2021 BMW 3 Series Review | Quickly returning to form

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The BMW 3 Series used to be a crown jewel of the automotive landscape. It earned so much praise and won so many comparison tests that car journalists like us were falsely accused of being on the take. Sorry, the cars were just that great. In recent years, though, the 3 Series lost its luster, and it had nothing to do with fictional stacks of unmarked bills no longer showing up on ink-stained doorsteps. Quite simply, the last 3 Series was less involving and fun to drive, while its well-built-but-drab interior didn’t exactly wow luxury shoppers. Tougher still, it faced better competition than ever before, competitors that started to clear the lofty bar set by past 3 Series.

So that’s the history lesson. The 2021 BMW 3 Series is now into its third year of a redesign that saw it return mostly to dynamic form, albeit in a way more relevant for the 2020s where technology, refinement and efficiency are far more important. To those ends, the 3 Series infotainment system is among the best in the luxury realm, it has a shockingly comfortable ride for such a sporting car, and its fuel economy figures read like those of a modest compact car despite boasting big-time power and torque. The new-for-2021 330e plug-in hybrid and the M340i’s new mild-hybrid system bolster that case even further.

So is today’s 3 Series a crown jewel again? Well, those competitors are only getting tougher, and their collective turf is being rapidly taken over by crossovers. Still, should you want to stick with sport sedans (and we’re right with you), there’s no better place to start your search than the BMW 3 Series.  

What’s new for 2021?

The 330e plug-in hybrid model debuts two years after the rest of the 3 Series line was unveiled (you can consider the new 2021 M3 as an addition as well). There are also some key updates elsewhere. The M340i gains a 48-volt mild-hybrid system, improving fuel economy ever so slightly and smoothing out the automatic stop/start system. Output and acceleration remain the same. There have also been a number of changes made to option availability and package content, which is normal after a new model’s first year on the market. Standard equipment now includes the previously unavailable Android Auto as well as the previously optional satellite radio, proximity entry, automatic high beams and the Connected Package Pro suite of remote services.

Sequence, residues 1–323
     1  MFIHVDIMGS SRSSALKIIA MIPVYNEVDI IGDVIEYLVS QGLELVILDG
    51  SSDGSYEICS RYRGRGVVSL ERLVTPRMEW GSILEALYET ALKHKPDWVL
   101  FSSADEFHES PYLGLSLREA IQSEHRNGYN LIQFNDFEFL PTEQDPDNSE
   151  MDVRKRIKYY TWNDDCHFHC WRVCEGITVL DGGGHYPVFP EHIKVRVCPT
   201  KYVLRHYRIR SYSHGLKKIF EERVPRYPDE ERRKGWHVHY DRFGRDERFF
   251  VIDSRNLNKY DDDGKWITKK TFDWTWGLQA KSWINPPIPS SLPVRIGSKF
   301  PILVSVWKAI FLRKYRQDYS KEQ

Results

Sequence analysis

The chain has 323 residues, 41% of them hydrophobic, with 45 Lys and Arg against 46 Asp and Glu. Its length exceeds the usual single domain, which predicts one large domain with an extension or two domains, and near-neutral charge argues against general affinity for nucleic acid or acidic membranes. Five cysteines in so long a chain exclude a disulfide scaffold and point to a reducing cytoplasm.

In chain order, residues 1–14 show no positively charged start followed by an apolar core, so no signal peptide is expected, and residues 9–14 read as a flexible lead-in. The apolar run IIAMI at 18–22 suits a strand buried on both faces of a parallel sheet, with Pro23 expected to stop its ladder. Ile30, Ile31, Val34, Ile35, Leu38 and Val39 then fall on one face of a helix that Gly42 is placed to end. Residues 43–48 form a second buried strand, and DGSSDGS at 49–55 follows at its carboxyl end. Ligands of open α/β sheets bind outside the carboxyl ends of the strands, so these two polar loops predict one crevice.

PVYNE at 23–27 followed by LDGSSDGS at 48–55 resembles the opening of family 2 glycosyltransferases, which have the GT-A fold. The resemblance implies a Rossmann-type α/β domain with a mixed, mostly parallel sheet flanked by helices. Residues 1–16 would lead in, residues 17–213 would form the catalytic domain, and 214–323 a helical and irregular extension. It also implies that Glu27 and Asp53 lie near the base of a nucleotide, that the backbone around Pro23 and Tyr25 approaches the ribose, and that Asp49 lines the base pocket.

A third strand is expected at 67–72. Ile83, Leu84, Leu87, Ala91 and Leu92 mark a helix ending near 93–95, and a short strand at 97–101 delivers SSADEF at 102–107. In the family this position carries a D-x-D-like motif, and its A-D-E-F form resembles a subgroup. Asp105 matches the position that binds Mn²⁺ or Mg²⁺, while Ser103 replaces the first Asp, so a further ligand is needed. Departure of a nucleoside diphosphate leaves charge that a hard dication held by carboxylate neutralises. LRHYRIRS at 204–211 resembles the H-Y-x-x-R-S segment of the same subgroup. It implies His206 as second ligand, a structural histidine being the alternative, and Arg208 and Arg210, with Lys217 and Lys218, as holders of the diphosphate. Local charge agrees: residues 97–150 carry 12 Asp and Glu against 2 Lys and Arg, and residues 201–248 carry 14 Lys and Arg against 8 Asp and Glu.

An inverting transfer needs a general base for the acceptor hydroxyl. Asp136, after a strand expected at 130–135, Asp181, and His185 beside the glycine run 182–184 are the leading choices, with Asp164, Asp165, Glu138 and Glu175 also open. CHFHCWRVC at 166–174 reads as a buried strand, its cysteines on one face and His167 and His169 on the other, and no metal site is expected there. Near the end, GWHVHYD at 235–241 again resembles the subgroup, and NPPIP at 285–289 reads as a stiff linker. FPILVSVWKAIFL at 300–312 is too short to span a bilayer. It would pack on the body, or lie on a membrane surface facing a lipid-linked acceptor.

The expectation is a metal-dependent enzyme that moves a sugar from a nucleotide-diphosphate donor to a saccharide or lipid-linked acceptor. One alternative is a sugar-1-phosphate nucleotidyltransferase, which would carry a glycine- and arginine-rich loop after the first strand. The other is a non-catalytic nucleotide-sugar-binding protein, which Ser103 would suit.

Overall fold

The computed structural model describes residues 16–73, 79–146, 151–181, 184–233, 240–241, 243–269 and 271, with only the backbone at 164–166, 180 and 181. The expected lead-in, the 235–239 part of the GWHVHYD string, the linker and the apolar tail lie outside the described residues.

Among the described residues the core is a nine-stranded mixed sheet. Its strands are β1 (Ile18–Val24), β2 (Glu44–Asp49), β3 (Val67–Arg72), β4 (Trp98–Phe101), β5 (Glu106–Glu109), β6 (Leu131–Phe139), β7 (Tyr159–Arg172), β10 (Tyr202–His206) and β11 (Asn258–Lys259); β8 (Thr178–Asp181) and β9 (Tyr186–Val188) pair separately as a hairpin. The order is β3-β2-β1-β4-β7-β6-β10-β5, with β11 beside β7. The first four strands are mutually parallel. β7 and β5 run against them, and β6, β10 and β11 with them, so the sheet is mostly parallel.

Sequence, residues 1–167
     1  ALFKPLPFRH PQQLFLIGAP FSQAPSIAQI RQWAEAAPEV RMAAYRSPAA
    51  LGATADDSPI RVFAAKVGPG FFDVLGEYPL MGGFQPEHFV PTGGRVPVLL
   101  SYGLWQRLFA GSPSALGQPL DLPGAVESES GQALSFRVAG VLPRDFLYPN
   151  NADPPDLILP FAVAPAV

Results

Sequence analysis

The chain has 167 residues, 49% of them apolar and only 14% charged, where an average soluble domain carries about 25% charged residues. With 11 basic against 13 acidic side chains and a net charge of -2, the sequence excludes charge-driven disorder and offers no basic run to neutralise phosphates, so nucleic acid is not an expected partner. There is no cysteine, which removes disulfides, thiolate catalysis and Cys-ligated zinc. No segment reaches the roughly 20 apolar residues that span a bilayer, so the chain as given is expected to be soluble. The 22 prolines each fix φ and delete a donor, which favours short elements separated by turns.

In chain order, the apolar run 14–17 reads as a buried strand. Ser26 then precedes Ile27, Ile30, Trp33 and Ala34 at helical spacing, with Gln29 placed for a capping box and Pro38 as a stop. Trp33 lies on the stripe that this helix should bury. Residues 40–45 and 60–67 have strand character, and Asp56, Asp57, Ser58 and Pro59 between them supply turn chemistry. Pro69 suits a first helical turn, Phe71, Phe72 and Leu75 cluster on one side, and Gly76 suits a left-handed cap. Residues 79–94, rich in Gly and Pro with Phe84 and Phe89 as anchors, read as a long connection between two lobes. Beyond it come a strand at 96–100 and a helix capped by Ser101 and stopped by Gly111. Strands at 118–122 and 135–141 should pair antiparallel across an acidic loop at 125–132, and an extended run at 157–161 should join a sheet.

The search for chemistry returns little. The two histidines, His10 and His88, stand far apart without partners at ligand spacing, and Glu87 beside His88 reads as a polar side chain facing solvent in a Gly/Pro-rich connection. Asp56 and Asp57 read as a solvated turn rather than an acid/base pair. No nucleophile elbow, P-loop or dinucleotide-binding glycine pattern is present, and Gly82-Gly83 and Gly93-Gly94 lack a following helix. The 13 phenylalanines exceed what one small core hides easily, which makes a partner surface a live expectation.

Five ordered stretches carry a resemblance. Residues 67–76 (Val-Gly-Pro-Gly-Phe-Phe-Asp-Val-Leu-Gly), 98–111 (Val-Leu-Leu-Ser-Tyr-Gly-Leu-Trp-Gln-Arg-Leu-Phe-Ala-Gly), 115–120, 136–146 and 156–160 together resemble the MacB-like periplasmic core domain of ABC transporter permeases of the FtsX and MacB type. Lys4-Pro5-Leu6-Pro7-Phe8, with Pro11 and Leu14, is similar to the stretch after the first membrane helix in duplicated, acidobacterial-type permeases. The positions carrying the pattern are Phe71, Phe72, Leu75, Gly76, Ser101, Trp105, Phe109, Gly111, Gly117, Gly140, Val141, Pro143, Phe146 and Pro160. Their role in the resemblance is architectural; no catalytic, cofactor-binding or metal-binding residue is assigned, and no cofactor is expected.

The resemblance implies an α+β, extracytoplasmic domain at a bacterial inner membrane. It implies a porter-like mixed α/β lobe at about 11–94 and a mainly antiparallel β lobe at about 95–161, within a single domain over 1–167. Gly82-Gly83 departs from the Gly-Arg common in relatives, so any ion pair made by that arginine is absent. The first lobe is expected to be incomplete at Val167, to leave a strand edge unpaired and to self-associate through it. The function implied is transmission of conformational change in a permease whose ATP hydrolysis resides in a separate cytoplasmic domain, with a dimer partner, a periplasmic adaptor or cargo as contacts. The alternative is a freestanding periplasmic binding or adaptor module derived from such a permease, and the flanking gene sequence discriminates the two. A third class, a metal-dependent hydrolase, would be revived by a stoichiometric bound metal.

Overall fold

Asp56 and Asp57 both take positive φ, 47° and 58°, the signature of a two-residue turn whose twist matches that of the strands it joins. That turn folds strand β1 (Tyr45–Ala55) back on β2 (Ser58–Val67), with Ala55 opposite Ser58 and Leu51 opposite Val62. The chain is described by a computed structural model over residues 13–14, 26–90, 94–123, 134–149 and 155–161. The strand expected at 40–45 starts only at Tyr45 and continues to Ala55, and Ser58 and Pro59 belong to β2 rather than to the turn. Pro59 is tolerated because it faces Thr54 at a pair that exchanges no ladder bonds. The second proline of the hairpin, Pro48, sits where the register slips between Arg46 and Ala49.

What’s the 3 Series interior and in-car technology like?

The latest 3 Series interior sacrifices some ergonomic functionality in favor of a more eye-catching design with richer materials. It was a good call, as the 3 Series now looks and feels more luxurious, especially when compared to segment standouts such as the Mercedes C-Class, Audi A4 and Volvo S60. At the same time, functionality hasn’t been written off – controls are still easily reached and there’s ample storage space. We go in-depth about the 3 Series interior in the video above and in our 3 Series Interior Driveway Test.

The 3 Series can be optioned with the latest BMW iDrive 7.0 tech interface, which we review here. We generally like it, especially the myriad ways to accomplish the same tasks – knob, buttons, touchscreen, voice controls. Basically, it allows you to operate the car as you’d prefer. That said, iDrive is still pretty complex, and some may find its menu structure a little overwhelming, especially at first. Android Auto is also added for 2021, and we’re happy to report that we haven’t had the same frustrating connection issues with Apple CarPlay in recent BMW test vehicles.

How big is the 3 Series?

This is the biggest 3 Series ever, growing to proportions that 20 years ago would’ve rivaled the 5 Series. While this isn’t great news for its role as a sport sedan, it does improve its luxury credentials by providing an impressive amount of backseat legroom. Four adults can happily fit aboard, even with tall occupants seated up front. You’ll still find far more space in a non-luxury sedan like the Honda Accord or Mazda6, but the sacrifice to luxury has definitely been lessened.

The same can be said for trunk space, even though we discovered in our 3 Series luggage test that BMW’s cubic-foot trunk measurement inflates the car’s actual space relative to competitors. Those interested in the 330e plug-in hybrid should also be aware that its trunk space takes a considerable hit. The battery effectively raises the floor by maybe 40% between the wheels with the usual trunk height behind. A trick floor panel provides the option of max capacity or a flat floor. You can see the difference between the two trunks below (M340i left, 330e right).

This also seems like a good place to note that there is now only one 3 Series body style. The wagon is not sold in the United States, and the oddball hatchback 3 Series Gran Turismo has been discontinued. Of course, the redesigned 4 Series is effectively its coupe and convertible versions.

What are the performance and fuel economy?

Each BMW model is tied to a different engine. The word “xDrive” tacked onto the end indicates the presence of all-wheel drive, versus the standard rear-wheel drive. The letter ‘i’ effectively indicates gasoline, while ‘e’ is for plug-in hybrid.

The 330i has a 2.0-liter turbocharged inline-four that produces 255 horsepower and 294 pound-feet of torque. Like every 3 Series, an eight-speed automatic is mandatory; there is no manual available. Tear. BMW says it’ll go from 0 to 60 mph in 5.6 seconds with RWD or 5.3 with xDrive. That’s a speed realm once occupied by the M3, so not too shabby for the base engine. Nevertheless, fuel economy is exceptional at 26 mpg city, 36 mpg highway and 30 mpg combined with RWD. Subtract 2 mpg with xDrive.